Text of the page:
It was some ten years ago now on the beaches of Goa not long into my first visit to India. He was a memorable character so I remember the conversation with him well. I was a India greenhorn. He was anything but – he’d spent most of his vagabonding days in the country. He had one particular piece of advice for me. “You gotta go to Hampi” I was told. He said it more than a few times. Well, it has taken a decade & three visits to the country but I finally took his advice. I finally made it to Hampi. And it was worth the wait.

One of the boulders of Hampi, Karnataka, India. September 25th 2012.

One of the gravity-defying boulders of Hampi (map-pointer-icon), Karnataka, India. September 25th 2012.

Hampi itself is nothing more than a village in the north of the Indian state of Karnataka. While it’s fair to say the village itself is nondescript, it’s location within the ruins of Vijayanagara, the capital of the 15th century Hindu Vijayanagar empire, & surrounded by a hot, truly bizarre landscape terrain of banana plantations & rock expanses dotted with gravity-defying boulders. Oh & there’s also some 500+ ruins of the Vijayanagar empire, about 10% of which were collectively inscribed on the UNESCO World Heritage list in 1986 as the Group of Monuments at Hampi. It’s a scene that is quite hard to describe in words and even harder to portray in images.

A sunset silhouette on Hemakuta Hill, Hampi, Karnataka, India. September 23rd 2012.

Silhouette at sunset on Hemakuta Hill, Hampi, Karnataka, India. September 25th 2012

A strange sort of place is Hampi. You can either come here and exhaust yourself ogling at huge gravity-defying boulders & traipsing around 15th century ruins in 35+ degree Celsius heat. Or you can go the other extreme and do nothing from one end of the day to the other except drink banana lassi after banana lassi in any number of laid-back rooftop restaurants. After a days here of lounging & photographing -the landscape, the rocks (the ones carved by man & by nature), the temples & ruins, the monkeys, & the sunrises/sunsets – I think I got the mix just right.

The bizarre landscape of Hemakuta Hill, Hampi, Karnataka, India. September 25th 2012.

Walking among the bizarre landscape of Hemakuta Hill, Hampi, Karnataka, India. September 25th 2012.

Virupaksha Temple

The Virupaksha temple complex as seen from Hemakuta Hill near sunset. Hampi, Karnataka, India. September 23rd 2012.

The Virupaksha temple complex as seen from Hemakuta Hill near sunset. The temple is one of the oldest structures in Hampi, not to mention one of its most distinctive thanks to its towering gopuram, a soaring pyramidal gateway tower marking the entrance to a temple complex. Hampi, Karnataka, India. September 23rd 2012.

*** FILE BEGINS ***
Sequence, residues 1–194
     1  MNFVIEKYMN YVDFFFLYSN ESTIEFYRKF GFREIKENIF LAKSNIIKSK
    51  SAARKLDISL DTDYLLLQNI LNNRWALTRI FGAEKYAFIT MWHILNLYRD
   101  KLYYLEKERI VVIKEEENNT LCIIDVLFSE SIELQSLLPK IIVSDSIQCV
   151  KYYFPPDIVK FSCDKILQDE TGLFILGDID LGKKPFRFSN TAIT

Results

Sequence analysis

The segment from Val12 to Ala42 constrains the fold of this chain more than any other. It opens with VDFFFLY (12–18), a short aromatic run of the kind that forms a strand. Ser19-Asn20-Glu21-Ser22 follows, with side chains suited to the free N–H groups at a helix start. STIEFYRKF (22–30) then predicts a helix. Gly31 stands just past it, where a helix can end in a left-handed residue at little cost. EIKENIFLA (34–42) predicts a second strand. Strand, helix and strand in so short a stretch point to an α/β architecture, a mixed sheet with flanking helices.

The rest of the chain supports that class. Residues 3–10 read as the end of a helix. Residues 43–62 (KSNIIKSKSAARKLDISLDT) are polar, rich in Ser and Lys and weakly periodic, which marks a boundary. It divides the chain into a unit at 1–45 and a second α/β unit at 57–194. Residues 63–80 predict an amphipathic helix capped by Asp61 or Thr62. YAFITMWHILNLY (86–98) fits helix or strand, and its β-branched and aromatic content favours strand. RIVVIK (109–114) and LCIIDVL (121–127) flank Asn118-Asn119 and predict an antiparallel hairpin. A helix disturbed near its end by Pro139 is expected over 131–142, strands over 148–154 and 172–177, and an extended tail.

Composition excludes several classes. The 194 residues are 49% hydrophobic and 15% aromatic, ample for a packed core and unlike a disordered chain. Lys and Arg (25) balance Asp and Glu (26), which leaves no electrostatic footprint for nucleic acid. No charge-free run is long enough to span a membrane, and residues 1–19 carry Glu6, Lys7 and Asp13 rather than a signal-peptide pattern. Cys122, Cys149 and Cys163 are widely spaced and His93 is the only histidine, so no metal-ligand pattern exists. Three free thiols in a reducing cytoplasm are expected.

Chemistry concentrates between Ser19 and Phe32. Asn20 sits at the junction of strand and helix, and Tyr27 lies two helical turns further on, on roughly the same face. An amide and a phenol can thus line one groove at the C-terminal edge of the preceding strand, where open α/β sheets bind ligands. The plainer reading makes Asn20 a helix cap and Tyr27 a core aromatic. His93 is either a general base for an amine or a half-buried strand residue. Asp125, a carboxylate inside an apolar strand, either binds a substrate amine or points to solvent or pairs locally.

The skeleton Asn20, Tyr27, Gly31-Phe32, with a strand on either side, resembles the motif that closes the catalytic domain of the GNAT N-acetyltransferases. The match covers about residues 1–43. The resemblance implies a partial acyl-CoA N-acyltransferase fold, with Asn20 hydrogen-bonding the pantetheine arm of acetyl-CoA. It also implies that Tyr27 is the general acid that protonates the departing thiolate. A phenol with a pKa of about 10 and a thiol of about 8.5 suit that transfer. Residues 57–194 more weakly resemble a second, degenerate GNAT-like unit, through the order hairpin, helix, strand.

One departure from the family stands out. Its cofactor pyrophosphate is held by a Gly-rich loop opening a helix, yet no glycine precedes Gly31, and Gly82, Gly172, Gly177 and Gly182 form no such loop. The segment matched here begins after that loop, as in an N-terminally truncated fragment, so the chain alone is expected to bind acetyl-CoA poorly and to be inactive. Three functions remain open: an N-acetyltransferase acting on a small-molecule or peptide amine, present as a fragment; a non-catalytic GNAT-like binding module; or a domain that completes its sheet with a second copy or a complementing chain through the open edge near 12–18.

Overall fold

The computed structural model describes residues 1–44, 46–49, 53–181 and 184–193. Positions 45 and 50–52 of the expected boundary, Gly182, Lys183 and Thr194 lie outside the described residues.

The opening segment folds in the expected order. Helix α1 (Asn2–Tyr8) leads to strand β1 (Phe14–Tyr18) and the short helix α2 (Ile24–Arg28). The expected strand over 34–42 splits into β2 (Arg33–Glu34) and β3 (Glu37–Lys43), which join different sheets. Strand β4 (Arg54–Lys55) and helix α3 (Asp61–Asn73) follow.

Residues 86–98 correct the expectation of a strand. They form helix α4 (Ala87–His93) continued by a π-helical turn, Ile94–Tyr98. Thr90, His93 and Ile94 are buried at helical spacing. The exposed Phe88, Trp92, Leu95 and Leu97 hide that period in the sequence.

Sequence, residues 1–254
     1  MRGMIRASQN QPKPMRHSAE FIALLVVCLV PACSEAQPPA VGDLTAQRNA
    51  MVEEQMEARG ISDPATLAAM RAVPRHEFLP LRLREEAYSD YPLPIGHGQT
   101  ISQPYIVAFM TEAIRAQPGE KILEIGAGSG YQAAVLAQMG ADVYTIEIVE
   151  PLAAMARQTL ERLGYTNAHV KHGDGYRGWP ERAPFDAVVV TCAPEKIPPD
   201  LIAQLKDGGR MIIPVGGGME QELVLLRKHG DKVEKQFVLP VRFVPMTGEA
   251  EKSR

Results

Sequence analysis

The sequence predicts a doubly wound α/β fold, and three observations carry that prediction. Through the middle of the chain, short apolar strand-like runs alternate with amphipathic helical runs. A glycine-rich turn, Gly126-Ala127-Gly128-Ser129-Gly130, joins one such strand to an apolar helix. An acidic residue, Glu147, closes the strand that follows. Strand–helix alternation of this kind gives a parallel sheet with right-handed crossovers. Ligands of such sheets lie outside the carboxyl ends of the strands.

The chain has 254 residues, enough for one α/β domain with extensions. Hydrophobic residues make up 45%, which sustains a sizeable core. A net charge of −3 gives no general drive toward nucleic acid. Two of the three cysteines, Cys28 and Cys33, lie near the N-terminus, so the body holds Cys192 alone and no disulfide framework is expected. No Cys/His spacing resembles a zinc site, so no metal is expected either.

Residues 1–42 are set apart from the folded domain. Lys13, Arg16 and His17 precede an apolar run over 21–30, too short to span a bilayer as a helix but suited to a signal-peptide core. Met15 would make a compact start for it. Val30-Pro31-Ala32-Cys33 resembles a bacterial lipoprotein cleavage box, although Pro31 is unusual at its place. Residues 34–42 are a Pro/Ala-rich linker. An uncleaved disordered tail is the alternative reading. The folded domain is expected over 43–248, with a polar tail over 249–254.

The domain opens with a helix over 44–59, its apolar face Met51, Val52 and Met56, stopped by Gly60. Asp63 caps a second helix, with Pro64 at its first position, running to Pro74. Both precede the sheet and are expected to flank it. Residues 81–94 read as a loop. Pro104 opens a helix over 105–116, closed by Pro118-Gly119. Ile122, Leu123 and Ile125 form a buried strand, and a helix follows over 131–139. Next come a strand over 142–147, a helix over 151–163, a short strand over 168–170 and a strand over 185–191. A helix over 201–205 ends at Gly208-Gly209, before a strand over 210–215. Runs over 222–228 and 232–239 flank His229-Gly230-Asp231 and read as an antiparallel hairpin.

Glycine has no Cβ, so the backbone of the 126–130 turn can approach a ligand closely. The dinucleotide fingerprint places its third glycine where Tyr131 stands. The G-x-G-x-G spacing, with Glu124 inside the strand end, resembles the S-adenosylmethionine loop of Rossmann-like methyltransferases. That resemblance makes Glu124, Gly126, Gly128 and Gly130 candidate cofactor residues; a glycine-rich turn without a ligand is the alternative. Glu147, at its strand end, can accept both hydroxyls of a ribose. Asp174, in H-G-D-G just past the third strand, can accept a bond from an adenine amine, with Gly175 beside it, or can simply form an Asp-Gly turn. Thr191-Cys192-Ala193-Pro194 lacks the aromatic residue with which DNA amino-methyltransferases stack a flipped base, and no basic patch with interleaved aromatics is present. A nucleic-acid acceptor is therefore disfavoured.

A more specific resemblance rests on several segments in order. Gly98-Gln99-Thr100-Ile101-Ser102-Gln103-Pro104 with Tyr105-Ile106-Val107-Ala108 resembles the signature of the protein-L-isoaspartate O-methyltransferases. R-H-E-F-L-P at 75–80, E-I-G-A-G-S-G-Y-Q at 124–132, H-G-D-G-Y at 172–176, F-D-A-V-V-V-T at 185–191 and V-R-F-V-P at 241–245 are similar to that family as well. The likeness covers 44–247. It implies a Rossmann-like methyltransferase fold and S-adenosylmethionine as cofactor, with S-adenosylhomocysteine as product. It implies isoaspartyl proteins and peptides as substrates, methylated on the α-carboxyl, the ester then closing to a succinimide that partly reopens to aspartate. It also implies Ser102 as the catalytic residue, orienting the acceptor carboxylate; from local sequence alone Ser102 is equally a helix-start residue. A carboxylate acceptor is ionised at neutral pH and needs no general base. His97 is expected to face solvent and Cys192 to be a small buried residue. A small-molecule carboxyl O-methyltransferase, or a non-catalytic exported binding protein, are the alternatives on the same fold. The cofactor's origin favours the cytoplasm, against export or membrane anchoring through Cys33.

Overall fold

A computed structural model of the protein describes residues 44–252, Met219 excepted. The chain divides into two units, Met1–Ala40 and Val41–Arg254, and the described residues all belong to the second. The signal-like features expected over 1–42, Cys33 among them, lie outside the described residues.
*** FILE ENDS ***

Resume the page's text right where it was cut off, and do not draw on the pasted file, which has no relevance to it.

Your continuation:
Dawn light illuminates a group of Indians exiting the Virupaksha Temple in Hampi, Karnataka, India. September 24th 2012.

Dawn light illuminates a group of Indians passing through the gopuram of the Virupaksha Temple. Hampi, Karnataka, India. September 24th 2012.

Sunrise shadows entering the Virupaksha Temple in Hampi, Karnataka, India. September 24th 2012.

I hung around the entrance to the gopuram taking more pictures of the comings and goings. The sunrise produced some nice shadows. Virupaksha Temple, Hampi, Karnataka, India. September 24th 2012.

Hampi Ruins

Of the 500+ ruins in the vast Hampi region, about one-tenth of the ruins have attained UNESCO World Heritage status – UNESCO first recgonised the importance of Hampi back in 1986. However, having unrestricted, unmonitored access to all Hampi ruins shows that the Indians entrusted with protecting them (I’m assuming there are some) really haven’t grasped the concept of preservation for the ages just yet.

Walking in the The Royal Centre in view of the Lotus Palace. Hampi, Karnataka, India. September 24th 2012.

Walking in the The Royal Centre in view of the Lotus Palace. Hampi, Karnataka, India. September 24th 2012.

The austere, grandiose site of Hampi was the last capital of the last great Hindu Kingdom of Vijayanagar. Its fabulously rich princes built Dravidian temples and palaces which won the admiration of travellers between the 14th and 16th centuries. Conquered by the Deccan Muslim confederacy in 1565, the city was pillaged over a period of six months before being abandoned.

– UNESCO’s introduction to the Group of Monuments at Hampi

Analysing the camera in the grounds of the Vittala Temple, Hampi, Karnataka, India. September 24th 2012.

Making friends in the grounds of the Vittala Temple in Hampi. The Indians in here were so interested in the digital rendition of their faces on the LCD screen of the camera that they kept asking to have their picture taken. This was my highlight of a visit to the temple which itself is billed as the highlight of the Hampi ruins. Hampi, Karnataka, India. September 24th 2012.

Elephant Stables of The Royal Centre, Hampi, Karnataka, India. September 24th 2012.

Elephant Stables of The Royal Centre, Hampi, Karnataka, India. September 24th 2012.

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